The good part of this deal is that it removes a jinx that seems to have gripped privatization of public enterprises. There is no reason why the state should continue to run businesses in non-strategic sectors, especially when all it can do is to make losses in the process. Private airlines have been doing well in India. Jet Airways lost out essentially because of loose expenditure management, spending, under some heads of non-core expenditure, up to 18% of revenue while a well-run airline like Indigo spent 2% of revenue under that head, making Jet’s excess expenditure seem like money being siphoned out of the company. Air India has been bleeding for long. It has been bailed out time and again by the government.

The privatization fetches the government all of Rs 2,700 crore, while the Tatas take over Rs 15,300 crore of the debt the airline has. The government had to sequester Rs 46,212 crore of the airline’s debt in a special purpose vehicle, along with the airline’s real estate holdings.

The Tatas will not get Air India’s iconic buildings on Mumbai’s Nariman Point, for example. Instead, they will get Air India, its fleet of aircraft of multiple makes, a large employee strength, a low-cost subsidiary, Air India Express, and 50% in a ground-handling company. This is not so much because the government is mealymouthed when it comes to real estate, as because it is virtually impossible to get any civil servant to sign off on a privatization deal that entails prized real estate, whose valuation can be disputed later by some proud inheritor of the mantle of former Comptroller and Auditor General Vinod Rai, who introduced the concept of notional loss to the auditing of government expenses. If the real estate assets of Air India had been included in the deal, the sale would have stalled before take-off.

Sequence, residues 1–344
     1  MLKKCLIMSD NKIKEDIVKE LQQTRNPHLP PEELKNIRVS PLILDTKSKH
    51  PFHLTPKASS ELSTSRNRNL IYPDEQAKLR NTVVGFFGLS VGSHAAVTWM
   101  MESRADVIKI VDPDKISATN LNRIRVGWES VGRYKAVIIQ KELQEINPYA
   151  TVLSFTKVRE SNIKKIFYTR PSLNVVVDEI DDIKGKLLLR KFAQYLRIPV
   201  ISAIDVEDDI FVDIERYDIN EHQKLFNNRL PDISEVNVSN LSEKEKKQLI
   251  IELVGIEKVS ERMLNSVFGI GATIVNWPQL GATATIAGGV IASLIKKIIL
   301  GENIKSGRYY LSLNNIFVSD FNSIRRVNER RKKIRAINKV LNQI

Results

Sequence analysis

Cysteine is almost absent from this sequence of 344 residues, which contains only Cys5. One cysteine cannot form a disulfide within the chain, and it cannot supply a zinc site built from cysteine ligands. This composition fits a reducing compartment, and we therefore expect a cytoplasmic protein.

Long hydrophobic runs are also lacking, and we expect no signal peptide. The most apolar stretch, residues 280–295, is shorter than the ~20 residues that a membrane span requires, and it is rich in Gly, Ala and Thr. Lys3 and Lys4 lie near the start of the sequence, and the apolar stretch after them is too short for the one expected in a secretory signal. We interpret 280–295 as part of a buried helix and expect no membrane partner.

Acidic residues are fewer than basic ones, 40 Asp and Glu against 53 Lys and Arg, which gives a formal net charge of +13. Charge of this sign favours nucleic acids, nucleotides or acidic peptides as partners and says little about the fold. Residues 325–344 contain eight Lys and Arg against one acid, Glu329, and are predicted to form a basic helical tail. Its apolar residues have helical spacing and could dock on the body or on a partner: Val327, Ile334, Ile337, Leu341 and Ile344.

The Tatas already own two airline brands: Vistara and Air Asia India. They have a large pool of manpower to redeploy across airlines as well. How Tatas manage the merger, aligning staff compensation, seniority and corporate culture, offers scope for many a case study at India’s management schools.

TCS, the Tata Group’s information technology services company and main source of cash, declared its Q2 results. Net profits jumped 29% to Rs 9,624 crore.

In another major development, 136 countries agreed on a major overhaul of corporate tax. The reform has two components, or pillars, in the jargon. Pillar 1 allows every country to tax a large multinational company operating in its jurisdiction, even if it does not have an office there. It would apply to companies with a turnover of at least €20 billion and a profit margin of at least 10%. A quarter of such multinationals’ profits over and above that threshold profits of 10% of their revenues would be available for taxation by countries where they operate. Pillar 2 says every jurisdiction would have a minimum tax rate of 15% on corporate incomes. This hurts low-tax jurisdictions such as Ireland and the Netherlands, apart from acknowledged tax havens such as the Cayman Islands, the British Virgin Islands. The deal culminates a long campaign by the rich country club, OECD, to end tax-base erosion and profit shifting by transnational enterprises.